CORN: Corn futures are mostly lower in midsesson trade Thursday, erasing their opening gains. Trade volume remains light with a lot of traders off for the week. Some rain is in the forecast for Southern Brazil which may remove one source of support that has helped fuel a modest price rally this week. At midsession, March corn is down 4 cents at $6.39; new crop December down 2 cents at $5.81.
SOYBEANS: Soybean futures prices opened just a bit lower, Thursday, then climbed to the plus side briefly, but are now trading lower again in midsession trade. Improving forecasts for rain in Southern Brazil for this weekend are putting some pressure on the soybean market in overnight trade. There is also pressure from outside markets with weaker crude oil, weaker gold and a stronger dollar. The only plus from the outside markets is a higher DJIA due to some more encouraging news on unemployment and the housing market this morning. At midsession, January beans are down 7 cents at $11.91; new crop November down 6 cents at $11.98.
WHEAT: Wheat prices are mixed in midsession trade Thursday, with the CBOT contracts mostly lower while KCBT and MGE contracts have erased early losses and are now trading slightly higher again for the ninth straight trading session. There is little new news to provide price direction to the wheat market. As we suspected yesterday, year-end short covering by funds has tapered off to a trickle in this second-to-last trading day of 2011 and the especially bearish fundamentals for soft red winter wheat are overwhelming residual support from dry weather in South America, especially with even corn futures on the minus side in midsession trade today. Currently CBOT March futures are down 3 cents at $6.48, while KCBT March is up a penny at $7 and MGE March is up 2 cents at $8.65.
CATTLE: Cattle futures are lower in midsession trade Thursday. Cattle traders are waiting for some news from the cash market. So far the gap between bids and asking prices remains very wide. But some buyers need to buy cattle soon which could force them to raise bids. And there’s room for them to do that since cutout values posted big gains on Wednesday. Then again, with futures at a discount to current cash bids, they’re not in a good position to hold out for higher cash bids, either. In midsession trade, February cattle are down 52 cents at $122.62, while April is down 42 cents at $126.42. Feeder cattle futures are lower as well, with March down 30 cents at $150.05 and April down 60 cents at $150.85.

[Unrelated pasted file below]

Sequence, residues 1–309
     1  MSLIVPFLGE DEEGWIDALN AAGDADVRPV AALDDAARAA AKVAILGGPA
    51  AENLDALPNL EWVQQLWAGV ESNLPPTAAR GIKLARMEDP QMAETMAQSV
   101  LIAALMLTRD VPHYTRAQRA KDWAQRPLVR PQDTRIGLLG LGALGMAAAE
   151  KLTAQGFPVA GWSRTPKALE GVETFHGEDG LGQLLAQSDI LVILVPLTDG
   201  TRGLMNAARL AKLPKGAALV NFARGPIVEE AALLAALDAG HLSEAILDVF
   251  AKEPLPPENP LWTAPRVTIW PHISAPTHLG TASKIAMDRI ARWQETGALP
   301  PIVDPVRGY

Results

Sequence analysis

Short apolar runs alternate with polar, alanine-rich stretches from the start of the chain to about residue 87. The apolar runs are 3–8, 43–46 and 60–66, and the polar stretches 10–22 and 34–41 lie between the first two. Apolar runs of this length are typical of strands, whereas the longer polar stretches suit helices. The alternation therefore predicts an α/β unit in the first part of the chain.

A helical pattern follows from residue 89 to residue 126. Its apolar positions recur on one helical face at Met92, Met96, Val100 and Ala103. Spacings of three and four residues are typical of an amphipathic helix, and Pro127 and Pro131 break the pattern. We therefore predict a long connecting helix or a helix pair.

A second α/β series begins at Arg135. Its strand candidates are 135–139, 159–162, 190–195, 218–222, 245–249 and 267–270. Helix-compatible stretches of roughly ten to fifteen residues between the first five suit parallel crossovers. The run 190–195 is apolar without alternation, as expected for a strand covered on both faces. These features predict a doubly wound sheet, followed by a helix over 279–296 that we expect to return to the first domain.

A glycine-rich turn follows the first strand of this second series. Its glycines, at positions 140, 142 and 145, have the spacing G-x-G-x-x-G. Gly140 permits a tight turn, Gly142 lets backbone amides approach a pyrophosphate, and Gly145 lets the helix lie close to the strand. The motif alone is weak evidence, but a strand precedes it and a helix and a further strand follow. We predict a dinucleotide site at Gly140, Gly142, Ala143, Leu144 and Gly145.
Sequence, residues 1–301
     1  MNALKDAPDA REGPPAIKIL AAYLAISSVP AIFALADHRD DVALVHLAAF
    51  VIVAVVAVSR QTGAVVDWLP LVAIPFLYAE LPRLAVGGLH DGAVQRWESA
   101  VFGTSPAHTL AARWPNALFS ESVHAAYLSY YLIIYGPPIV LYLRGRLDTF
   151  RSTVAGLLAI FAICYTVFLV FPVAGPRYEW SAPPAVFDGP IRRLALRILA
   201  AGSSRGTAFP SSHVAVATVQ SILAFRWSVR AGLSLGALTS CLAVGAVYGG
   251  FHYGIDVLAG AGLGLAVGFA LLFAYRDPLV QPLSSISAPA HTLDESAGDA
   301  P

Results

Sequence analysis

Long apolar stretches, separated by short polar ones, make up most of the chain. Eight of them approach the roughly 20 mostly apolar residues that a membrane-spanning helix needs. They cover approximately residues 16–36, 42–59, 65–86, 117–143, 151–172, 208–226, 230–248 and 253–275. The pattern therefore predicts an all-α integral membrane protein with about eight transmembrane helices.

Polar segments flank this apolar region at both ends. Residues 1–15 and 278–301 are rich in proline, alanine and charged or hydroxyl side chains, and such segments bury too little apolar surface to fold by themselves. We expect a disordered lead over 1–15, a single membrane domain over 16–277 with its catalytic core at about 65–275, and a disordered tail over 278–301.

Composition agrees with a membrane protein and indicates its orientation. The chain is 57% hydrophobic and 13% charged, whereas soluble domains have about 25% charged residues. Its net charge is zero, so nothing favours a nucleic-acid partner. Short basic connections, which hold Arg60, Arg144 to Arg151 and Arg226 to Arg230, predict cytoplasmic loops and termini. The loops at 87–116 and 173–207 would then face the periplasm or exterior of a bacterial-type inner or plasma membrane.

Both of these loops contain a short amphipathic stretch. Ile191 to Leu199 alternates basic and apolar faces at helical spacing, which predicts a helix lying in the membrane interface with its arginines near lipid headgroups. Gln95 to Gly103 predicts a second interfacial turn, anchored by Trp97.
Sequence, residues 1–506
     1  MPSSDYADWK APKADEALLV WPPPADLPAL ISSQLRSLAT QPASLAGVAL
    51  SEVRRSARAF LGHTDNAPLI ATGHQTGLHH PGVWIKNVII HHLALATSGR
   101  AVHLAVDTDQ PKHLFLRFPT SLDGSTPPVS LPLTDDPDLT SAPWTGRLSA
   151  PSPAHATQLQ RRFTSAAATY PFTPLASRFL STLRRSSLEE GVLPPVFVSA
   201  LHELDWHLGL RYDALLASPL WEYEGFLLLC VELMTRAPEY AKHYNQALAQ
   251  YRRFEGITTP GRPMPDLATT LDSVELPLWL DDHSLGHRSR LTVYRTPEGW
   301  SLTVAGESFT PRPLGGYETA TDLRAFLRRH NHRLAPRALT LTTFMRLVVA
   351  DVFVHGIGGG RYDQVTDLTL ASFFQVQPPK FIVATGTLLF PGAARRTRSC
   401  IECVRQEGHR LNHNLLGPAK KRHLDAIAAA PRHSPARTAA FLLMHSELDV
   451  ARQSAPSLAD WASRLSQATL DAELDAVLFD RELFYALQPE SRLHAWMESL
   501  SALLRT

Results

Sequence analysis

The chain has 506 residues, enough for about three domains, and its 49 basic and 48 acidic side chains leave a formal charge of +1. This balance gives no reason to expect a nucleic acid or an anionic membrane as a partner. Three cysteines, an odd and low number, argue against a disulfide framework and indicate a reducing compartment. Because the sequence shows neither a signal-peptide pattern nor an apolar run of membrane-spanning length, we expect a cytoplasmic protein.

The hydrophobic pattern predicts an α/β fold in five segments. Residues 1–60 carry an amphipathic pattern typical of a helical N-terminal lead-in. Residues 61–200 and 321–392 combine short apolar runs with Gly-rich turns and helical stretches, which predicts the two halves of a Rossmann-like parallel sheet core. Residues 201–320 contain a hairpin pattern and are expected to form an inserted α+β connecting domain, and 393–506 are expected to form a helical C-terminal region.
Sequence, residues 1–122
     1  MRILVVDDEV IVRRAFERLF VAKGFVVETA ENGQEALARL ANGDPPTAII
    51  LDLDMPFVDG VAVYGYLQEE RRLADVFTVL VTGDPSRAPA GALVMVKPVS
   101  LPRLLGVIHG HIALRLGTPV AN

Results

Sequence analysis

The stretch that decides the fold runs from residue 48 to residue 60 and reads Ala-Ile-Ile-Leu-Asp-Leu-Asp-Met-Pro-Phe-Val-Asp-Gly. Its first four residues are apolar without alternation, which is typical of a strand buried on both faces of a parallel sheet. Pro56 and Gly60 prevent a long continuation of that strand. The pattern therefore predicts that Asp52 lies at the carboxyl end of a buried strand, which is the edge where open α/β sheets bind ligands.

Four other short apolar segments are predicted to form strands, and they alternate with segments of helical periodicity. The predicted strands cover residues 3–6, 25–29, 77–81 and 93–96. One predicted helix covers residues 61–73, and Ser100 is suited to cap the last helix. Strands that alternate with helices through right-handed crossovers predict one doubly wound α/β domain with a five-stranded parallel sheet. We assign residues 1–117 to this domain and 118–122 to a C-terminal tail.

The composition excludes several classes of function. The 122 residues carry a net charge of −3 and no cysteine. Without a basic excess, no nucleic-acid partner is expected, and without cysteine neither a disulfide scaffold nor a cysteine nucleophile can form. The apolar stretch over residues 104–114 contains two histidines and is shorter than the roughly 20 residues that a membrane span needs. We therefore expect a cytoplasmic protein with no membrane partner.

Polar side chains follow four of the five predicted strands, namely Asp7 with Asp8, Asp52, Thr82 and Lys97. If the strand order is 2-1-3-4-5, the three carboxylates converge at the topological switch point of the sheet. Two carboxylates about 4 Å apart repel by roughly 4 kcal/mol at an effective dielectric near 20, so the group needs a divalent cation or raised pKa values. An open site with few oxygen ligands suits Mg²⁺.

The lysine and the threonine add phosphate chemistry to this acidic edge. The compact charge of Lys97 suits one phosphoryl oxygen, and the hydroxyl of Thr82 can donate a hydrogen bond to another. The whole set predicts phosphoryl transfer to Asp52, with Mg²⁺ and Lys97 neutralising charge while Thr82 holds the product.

HOGS: Lean hog futures are lower in midsession trade Thursday. Cash hog prices continue to work slowly lower, and they are now down about $5 per cwt since the middle of the month. The weakening cash prices are putting pressure on futures prices as well. The recent strength in the dollar is also a concern since exports are such an important part of demand. Hog weights are rising. Last week they were up 1.4 pounds from a year earlier. A hefty slaughter schedule is expected for Saturday, but it looks like plants have their needs covered well into next week. At midsession, February hogs are down 50 cents at $85.05, while April hogs are down 32 cents at $88.63.
COTTON: Cotton prices opened higher as expected but then quickly sold off and are now on the minus side, though off the lows of the day thus far. Cotton prices posted big gains on Wednesday turning most technical signals positive. But with just today and tomorrow left as trading days for year-end book closing and traders reluctant to maintain positions through a holiday weekend, we’re seeing some profit-taking today; especially since there wasn’t much news to warrant yesterday’s jump in futures and the strengthening dollar is hurting export competitiveness. At midsession, March cotton is down 28 at $90.40 while new crop December cotton is down $1.81 at $87.12.